Scoil Naomh Áine, Rathgarogue, New Ross, Co. Wexford
Summary School Improvement Plan
Period: September 2013 to June 2016
Plan issue date: 07/11/13
Reviewed in June 2015
The focus of the evaluation
As part of our ongoing work in the school, we conducted a school self-
This School Improvement Plan sets out the actions that we will undertake in the school over the next three years in Literacy. The main purpose of these actions is to improve our pupils’ learning.
Our school has strengths in the following areas:
Parental support of pupils during homework time
The vast majority of children understand their homework
The majority of pupils enjoy reading for pleasure
Children and parents are comfortable approaching the teacher for support or with a concern
47% of our pupils are in the top 25%ile in national reading norms and 55% fall within the 15%ile – 74%ile.
We know this because we consulted with pupils, parents and teachers and examined test results and other information in the school.
Our school has decided to prioritise the following areas of development:
Areas Prioritised for Improvement
Year 1 (2013 -
• Free Writing (Creative Writing)
Year 2 (2014-
• Writing Genres
Year 3 (2015-
• Comprehension – provisionally -
We have decided to prioritise these areas because teacher observations indicate that Spelling of commonly used words, in particular, is an area causing difficulty for many pupils.
As a staff we feel that the pupils should be offered more opportunity to engage in Free Writing. The pupils will use this time throughout the year to explore many different genre of writing and develop skills in a variety of areas.
Our school has set the following targets for improvement which are related to pupils’ achievement and has identified the following actions which will help in achieving those targets over the next three years.
Areas for Improvement over the next 3 years:
Targets What needs to be done?
Pupils will be enabled to self correct common mistakes and recognise errors in spelling
• Emphasis will be placed on spelling accuracy especially with the most frequently misspelled words
• Use of spelling games and IT to develop positive attitudes towards spelling accuracy
• Commonly misspelled words will be displayed in classrooms
Pupils will willingly engage in Free Writing Activities and will be mindful of spelling and punctuation
• Broaden the range and shape of Free Writing activities encouraging pupils to write from many different genres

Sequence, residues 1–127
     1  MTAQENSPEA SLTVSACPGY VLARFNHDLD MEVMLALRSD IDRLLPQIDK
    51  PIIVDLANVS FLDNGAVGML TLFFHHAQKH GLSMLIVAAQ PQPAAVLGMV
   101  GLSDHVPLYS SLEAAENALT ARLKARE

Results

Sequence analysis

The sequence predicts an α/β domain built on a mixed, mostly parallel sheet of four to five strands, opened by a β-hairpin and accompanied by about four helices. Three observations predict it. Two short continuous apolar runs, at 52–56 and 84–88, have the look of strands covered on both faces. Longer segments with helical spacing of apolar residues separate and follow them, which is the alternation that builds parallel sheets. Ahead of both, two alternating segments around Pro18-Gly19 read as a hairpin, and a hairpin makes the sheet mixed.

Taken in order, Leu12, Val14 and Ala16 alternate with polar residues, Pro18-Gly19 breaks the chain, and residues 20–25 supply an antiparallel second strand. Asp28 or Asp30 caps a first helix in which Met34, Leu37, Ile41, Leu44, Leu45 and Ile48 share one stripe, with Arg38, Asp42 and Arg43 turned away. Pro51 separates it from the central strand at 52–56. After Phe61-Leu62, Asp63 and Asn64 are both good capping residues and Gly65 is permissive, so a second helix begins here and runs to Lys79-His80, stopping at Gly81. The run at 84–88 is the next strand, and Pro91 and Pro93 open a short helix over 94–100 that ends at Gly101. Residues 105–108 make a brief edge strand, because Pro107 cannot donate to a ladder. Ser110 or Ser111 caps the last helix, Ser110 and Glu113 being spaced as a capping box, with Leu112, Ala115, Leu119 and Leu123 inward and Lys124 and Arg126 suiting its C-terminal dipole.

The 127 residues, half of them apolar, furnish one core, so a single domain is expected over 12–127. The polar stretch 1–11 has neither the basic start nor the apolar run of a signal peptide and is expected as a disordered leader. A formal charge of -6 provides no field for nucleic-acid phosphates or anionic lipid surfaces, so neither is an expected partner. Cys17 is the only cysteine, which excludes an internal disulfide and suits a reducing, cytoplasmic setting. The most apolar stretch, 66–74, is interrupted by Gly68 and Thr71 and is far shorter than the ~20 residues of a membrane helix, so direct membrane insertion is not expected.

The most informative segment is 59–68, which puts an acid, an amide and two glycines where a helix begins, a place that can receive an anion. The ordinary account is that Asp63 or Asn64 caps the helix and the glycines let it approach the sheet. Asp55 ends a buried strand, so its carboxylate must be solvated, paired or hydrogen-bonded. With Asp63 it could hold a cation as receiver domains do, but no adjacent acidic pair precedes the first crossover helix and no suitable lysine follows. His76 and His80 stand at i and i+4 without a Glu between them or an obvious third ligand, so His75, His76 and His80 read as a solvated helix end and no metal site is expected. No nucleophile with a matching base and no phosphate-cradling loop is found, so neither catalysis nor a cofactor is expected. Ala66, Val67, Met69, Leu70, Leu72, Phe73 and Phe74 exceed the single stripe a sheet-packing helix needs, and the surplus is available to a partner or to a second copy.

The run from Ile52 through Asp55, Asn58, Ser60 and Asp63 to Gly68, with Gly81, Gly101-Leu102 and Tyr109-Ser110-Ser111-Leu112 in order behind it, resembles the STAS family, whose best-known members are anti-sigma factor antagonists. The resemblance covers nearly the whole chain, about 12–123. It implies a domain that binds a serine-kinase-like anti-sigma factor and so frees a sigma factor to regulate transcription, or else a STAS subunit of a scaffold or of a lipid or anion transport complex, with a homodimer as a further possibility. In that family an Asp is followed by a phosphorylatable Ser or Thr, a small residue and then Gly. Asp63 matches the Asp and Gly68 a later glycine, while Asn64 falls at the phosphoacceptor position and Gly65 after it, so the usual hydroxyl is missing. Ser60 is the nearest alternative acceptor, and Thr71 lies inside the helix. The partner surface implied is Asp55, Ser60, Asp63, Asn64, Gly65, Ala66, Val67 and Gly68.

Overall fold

• Timetable Free Writing as part of the English programme ensuring all pupils get an opportunity to engage in Free Writing weekly
Develop a co-
• Agree a common framework for the teaching of each genre
• Ideas for the development of each genre to be collated and shared on dropbox
• Each class to display samples on the whole school genre notice board
Develop a co-
• Ideas for the development of each strategy to be collated and shared on dropbox
• Agree common terminology for the teaching of each strategy
As a school decide on the content for each class for the teaching of punctuation
• Conduct a review on current practice at each class level. Document the content taught at each class level
• Decide on a spiral approach for the teaching of punctuation -
As a parent you can help us by continuing to help your child with his/her homework and emphasising the importance of correct spelling. If your child has a spelling test, help your child prepare by testing them at home. If your child has particular difficulty spelling common words, print these onto card and hang them up at home. Play a game with your child until they remember the correct spelling e.g. because/becus/bcos. Always praise your child for making an attempt to spell a new word.
As a parent you can help us improve your child’s standard of creative writing by encouraging them to write and draw at home. They might like to write a letter, menu, poem, acrostic, short story, recipe, book review, email, comic strip, advertisement, play, newspaper report, rhyme, joke, quiz etc. Ensure they have somewhere comfortable to sit and have plenty of pencils, colours and paper. Give your child the opportunity to read what they have written. This method of Free Writing should never be criticised or marked. Praise and encourage your child to be creative and let them know that Free Writing is never wrong.